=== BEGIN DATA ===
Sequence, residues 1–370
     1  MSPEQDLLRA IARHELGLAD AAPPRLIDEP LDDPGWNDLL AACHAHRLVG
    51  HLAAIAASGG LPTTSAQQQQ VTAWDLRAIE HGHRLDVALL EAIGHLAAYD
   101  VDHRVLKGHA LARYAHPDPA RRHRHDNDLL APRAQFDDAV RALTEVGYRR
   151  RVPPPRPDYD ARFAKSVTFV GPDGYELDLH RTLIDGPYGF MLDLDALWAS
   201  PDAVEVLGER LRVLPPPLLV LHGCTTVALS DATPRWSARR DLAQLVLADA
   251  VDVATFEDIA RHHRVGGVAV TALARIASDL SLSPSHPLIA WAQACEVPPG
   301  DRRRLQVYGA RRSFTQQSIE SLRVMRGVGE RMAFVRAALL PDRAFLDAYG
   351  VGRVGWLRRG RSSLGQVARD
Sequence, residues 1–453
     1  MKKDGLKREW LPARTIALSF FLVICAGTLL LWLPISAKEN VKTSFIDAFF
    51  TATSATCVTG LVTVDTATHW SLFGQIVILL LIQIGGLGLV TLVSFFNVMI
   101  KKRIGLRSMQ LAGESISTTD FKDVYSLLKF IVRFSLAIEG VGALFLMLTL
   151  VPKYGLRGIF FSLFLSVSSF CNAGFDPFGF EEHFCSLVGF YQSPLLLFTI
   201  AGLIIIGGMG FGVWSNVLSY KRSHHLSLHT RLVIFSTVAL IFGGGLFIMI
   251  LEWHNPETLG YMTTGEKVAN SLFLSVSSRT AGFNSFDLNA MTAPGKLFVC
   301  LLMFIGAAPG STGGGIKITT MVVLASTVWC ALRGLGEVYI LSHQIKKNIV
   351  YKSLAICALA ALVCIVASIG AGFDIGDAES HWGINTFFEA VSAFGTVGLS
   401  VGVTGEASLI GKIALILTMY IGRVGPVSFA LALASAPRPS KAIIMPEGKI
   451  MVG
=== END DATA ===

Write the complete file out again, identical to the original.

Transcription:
Sequence, residues 1–370
     1  MSPEQDLLRA IARHELGLAD AAPPRLIDEP LDDPGWNDLL AACHAHRLVG
    51  HLAAIAASGG LPTTSAQQQQ VTAWDLRAIE HGHRLDVALL EAIGHLAAYD
   101  VDHRVLKGHA LARYAHPDPA RRHRHDNDLL APRAQFDDAV RALTEVGYRR
   151  RVPPPRPDYD ARFAKSVTFV GPDGYELDLH RTLIDGPYGF MLDLDALWAS
   201  PDAVEVLGER LRVLPPPLLV LHGCTTVALS DATPRWSARR DLAQLVLADA
   251  VDVATFEDIA RHHRVGGVAV TALARIASDL SLSPSHPLIA WAQACEVPPG
   301  DRRRLQVYGA RRSFTQQSIE SLRVMRGVGE RMAFVRAALL PDRAFLDAYG
   351  VGRVGWLRRG RSSLGQVARD
Sequence, residues 1–453
     1  MKKDGLKREW LPARTIALSF FLVICAGTLL LWLPISAKEN VKTSFIDAFF
    51  TATSATCVTG LVTVDTATHW SLFGQIVILL LIQIGGLGLV TLVSFFNVMI
   101  KKRIGLRSMQ LAGESISTTD FKDVYSLLKF IVRFSLAIEG VGALFLMLTL
   151  VPKYGLRGIF FSLFLSVSSF CNAGFDPFGF EEHFCSLVGF YQSPLLLFTI
   201  AGLIIIGGMG FGVWSNVLSY KRSHHLSLHT RLVIFSTVAL IFGGGLFIMI
   251  LEWHNPETLG YMTTGEKVAN SLFLSVSSRT AGFNSFDLNA MTAPGKLFVC
   301  LLMFIGAAPG STGGGIKITT MVVLASTVWC ALRGLGEVYI LSHQIKKNIV
   351  YKSLAICALA ALVCIVASIG AGFDIGDAES HWGINTFFEA VSAFGTVGLS
   401  VGVTGEASLI GKIALILTMY IGRVGPVSFA LALASAPRPS KAIIMPEGKI
   451  MVG